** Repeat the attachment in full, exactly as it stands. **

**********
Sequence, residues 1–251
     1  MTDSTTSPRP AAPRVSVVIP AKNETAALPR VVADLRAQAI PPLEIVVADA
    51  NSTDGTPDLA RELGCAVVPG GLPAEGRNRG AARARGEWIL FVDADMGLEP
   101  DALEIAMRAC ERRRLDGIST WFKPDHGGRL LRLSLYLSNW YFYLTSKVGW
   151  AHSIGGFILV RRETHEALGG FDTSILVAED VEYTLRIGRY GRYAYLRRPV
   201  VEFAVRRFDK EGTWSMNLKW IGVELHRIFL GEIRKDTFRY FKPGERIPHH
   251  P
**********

Sequence, residues 1–251
     1  MTDSTTSPRP AAPRVSVVIP AKNETAALPR VVADLRAQAI PPLEIVVADA
    51  NSTDGTPDLA RELGCAVVPG GLPAEGRNRG AARARGEWIL FVDADMGLEP
   101  DALEIAMRAC ERRRLDGIST WFKPDHGGRL LRLSLYLSNW YFYLTSKVGW
   151  AHSIGGFILV RRETHEALGG FDTSILVAED VEYTLRIGRY GRYAYLRRPV
   201  VEFAVRRFDK EGTWSMNLKW IGVELHRIFL GEIRKDTFRY FKPGERIPHH
   251  P